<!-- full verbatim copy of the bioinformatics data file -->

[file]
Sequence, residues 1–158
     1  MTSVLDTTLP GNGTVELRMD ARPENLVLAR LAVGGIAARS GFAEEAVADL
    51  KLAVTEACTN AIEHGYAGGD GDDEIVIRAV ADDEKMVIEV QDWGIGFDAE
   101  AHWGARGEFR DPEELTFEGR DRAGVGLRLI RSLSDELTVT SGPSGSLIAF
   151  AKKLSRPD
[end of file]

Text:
Sequence, residues 1–158
     1  MTSVLDTTLP GNGTVELRMD ARPENLVLAR LAVGGIAARS GFAEEAVADL
    51  KLAVTEACTN AIEHGYAGGD GDDEIVIRAV ADDEKMVIEV QDWGIGFDAE
   101  AHWGARGEFR DPEELTFEGR DRAGVGLRLI RSLSDELTVT SGPSGSLIAF
   151  AKKLSRPD